Women in Food Allergy Research

Yesterday, March 8th, was International Women’s Day.  This day has been in existence since 1911 to celebrate the social, economic, cultural, and political achievements of women.  I absolutely love this day because it provides me with an opportunity to read about a plethora of inspiring women yesterday as I came across their accomplishments on various social media platforms.  It was so awesome to see how many things in this world have been created due to the hard work of women everywhere.  As I read through these stories, I began to wonder about the impact that women have in the food allergy research community.  Luckily, March is Women’s History Month so I still have an excuse to do some brief research on the contributions that women make in the field of allergy research.  Today, you will get to learn about three amazing women in the allergy community.

The first woman I want to feature is Sandra Gawchik, DO, who has been my allergist for 18 years.  She is the recipient of the 2017 “Women in Allergy” Award presented by the American College of Allergy, Asthma, and Immunology.  This prestigious award is given to women who have “advanced the role of women in the field of allergy/immunology … or who has made a significant contribution to the specialty”.  She has been the president of the Pennsylvania Allergy and Asthma Association and the Philadelphia Allergy Society and is an active member of several other societies involving the advancement in medical practice for allergists.  She has conducted lots of research on asthma and seasonal allergy topics, such as sublingual immunotherapy to house dust mite allergy (1), latex allergy (2), growth and bone maturation of asthmatic children treated with inhaled corticosteroids (3), and many more topics.   I am so thankful that I have been able to experience her guidance and expertise as part of the successful management of my food allergies.   

Edda Fiebiger, PhD was the 2017 recipient of FARE’s New Investigator Award for her research in inhibiting the active enzymes during allergic reactions to improve outcomes during oral immunotherapy.  Along with being an assistant professor at Harvard Medical School, Dr. Fiebiger is also a researcher at Boston Children’s Hospital.  Her research is focused on understanding the mechanisms behind food allergies in the immune system of the gastrointestinal tract (4).  Some of her recently published research has investigated Soluble FceRI as a biomarker for IgE-mediated diseases (5), the mRNA patterns in Eosinophilic Esophagitis patients (6), and the functions of dendritic cell bound IgE in allergic patients (7).  Dr. Fiebriger’s innovative research will give the allergic community a new and stronger understanding of the mechanisms behind allergies so that we can get closer to a cure.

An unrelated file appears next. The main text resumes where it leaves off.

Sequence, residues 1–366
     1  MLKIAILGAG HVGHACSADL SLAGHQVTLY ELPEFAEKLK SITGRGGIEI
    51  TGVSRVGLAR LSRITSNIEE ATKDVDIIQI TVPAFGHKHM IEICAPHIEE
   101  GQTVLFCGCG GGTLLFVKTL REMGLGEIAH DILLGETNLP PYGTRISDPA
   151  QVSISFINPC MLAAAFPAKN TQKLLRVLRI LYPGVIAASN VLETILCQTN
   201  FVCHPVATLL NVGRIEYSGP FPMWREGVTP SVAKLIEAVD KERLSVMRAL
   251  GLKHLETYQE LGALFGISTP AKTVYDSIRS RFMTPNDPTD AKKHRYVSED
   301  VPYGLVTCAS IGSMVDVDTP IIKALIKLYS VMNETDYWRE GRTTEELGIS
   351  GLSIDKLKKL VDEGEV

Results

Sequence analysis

The final woman I want to feature in this post is Stephanie Eisenbarth, MD, PhD.  Dr. Eisenbarth was a recipient of FARE’s Mid-Career Investigator Award for her research in inherited predisposition to food allergy.  Dr. Eisenbarth is very busy at Yale University as an Associate Professor of Immunology, Associate Chair of Research in Laboratory Medicine, and Assistant Director of Clinical Pathology Residency.  Her lab studies T cell driven pathology, Dock8’s role in allergic immune response, and the role of IgA in mitigating food allergy.  Her diverse research looks at many aspects of the immune response and why it occurs for many different conditions including allergies, asthma, and vaccines.

The three women I learned about today are just a small group of amazing and influential women in STEM who are going to make their mark on the world.  Their research will be important in improving the lives of the 15 million Americans with food allergies, and the food allergy community cannot wait for their discoveries.  I hope that you all had an amazing International Women’s Day and that you are empowered to pursue your unique passions, despite any push backs you face!

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